After Lowen’s friend dies, Flintock doesn’t feel like home anymore. So when Lowen reads about a town selling houses for a dollar, he tells his family about the program. They enter the house lottery, are selected as one of the winning families, and are able to select their favourite house of the five offered. Everything is great until they visit the house for the first time and realize it’s next door to a funeral home.
In spite of that setback, there’s potential in Millville. Lowen’s mom can finally open the restaurant she’s always wanted, and his oldest brother will have no trouble being a star on the local school teams. But Lowen’s family doesn’t seem to fit in. The local residents keep leaving things on their doorstep, a boy name Dylan wanders in and out of the house freely, Lowen will be forced to play for the school soccer team, and nobody comes to Lowen’s mom’s takeout shop after the first day.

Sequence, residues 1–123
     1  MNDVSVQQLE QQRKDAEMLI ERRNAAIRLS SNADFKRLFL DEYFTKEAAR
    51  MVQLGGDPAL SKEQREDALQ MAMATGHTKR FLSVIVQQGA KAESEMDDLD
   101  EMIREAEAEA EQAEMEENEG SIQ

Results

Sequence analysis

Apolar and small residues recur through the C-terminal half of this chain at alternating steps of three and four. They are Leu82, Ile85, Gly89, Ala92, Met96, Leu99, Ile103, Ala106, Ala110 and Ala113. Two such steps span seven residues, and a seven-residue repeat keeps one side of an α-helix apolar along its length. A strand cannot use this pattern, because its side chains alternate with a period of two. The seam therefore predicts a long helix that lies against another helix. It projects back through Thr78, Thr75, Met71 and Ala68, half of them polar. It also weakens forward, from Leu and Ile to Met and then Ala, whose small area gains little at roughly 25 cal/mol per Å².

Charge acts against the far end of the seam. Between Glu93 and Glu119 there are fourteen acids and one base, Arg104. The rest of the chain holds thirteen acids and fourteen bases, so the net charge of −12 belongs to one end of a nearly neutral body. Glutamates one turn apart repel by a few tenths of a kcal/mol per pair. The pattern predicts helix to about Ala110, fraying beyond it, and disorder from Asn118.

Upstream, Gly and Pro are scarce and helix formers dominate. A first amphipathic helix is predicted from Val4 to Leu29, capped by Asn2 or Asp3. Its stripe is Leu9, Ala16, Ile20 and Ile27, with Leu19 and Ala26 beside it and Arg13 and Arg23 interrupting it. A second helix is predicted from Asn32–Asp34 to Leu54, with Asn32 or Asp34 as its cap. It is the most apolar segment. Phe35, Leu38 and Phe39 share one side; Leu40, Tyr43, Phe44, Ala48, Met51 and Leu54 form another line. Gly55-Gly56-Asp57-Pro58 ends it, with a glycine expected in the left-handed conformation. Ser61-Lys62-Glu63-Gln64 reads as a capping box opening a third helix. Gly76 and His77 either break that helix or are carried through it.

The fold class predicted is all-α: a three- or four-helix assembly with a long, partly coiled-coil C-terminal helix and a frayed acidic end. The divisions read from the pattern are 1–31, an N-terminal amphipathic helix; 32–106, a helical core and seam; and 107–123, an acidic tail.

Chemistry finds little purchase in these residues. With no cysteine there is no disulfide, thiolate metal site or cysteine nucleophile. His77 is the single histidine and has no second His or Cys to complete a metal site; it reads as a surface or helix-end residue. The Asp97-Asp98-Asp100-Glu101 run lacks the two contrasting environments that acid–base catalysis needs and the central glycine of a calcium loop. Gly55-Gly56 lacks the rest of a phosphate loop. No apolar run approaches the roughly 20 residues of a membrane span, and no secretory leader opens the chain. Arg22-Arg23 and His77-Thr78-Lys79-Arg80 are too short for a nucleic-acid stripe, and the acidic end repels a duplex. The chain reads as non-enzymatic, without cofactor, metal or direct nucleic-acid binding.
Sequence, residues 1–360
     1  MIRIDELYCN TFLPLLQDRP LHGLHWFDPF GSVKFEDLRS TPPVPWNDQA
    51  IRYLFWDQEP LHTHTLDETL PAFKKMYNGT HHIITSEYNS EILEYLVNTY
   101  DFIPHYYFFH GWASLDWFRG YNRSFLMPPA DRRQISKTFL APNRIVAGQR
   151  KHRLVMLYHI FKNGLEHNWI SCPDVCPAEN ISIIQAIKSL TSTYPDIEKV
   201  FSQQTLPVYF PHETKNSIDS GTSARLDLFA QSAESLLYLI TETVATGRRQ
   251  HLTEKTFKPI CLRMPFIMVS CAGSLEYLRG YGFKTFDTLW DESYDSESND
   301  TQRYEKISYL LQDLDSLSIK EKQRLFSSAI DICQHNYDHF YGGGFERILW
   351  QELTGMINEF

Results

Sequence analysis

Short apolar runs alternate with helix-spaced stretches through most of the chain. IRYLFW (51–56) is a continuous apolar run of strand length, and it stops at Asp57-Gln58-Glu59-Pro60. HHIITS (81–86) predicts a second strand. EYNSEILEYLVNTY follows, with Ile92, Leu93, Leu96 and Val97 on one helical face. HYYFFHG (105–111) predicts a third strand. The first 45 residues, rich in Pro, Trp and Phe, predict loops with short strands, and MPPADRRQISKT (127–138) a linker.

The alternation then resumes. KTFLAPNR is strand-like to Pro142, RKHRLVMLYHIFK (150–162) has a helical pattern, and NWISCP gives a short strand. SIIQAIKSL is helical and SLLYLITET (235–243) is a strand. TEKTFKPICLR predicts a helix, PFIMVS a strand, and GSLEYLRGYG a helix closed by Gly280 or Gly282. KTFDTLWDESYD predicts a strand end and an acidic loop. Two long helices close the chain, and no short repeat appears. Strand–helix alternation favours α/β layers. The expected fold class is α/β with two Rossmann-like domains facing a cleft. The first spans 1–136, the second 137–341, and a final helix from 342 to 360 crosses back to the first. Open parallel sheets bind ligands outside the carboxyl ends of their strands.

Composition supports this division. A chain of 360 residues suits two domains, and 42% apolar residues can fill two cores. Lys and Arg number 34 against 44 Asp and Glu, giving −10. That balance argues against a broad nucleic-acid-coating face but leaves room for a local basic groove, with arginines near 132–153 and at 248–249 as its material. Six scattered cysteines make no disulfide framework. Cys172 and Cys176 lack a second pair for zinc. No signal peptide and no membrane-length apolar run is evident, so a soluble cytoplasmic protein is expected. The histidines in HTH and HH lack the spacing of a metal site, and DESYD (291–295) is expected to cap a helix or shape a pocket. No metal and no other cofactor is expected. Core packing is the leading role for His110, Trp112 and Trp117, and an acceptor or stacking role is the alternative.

Worse yet, the long-term residents of Millville start using a nickname to refer to the newcomer children: “the dollar kids.” It’s not meant as a compliment, as many long-time residents feel that the dollar kids and their families are having things handed to them and aren’t willing to earn anything themselves.
Can Lowen’s family settle in? Can his mom’s restaurant succeed? Will they ever be accepted by the people of Millville?
The Dollar Kids by Jennifer Jacobsen is shelved upstairs in the juvenile fiction section of the Children’s Department.
If you enjoy The Dollar Kids, you may also enjoy The Doughnut Fix by Jessie Janowitz. When Tristan’s family moves from New York City to the middle of nowhere, the only thing that keeps him going is the legend of a chocolate cream doughnut a townsperson used to make. Will he ever get the recipe for himself? The Doughnut Fix is also shelved in the juvenile fiction section.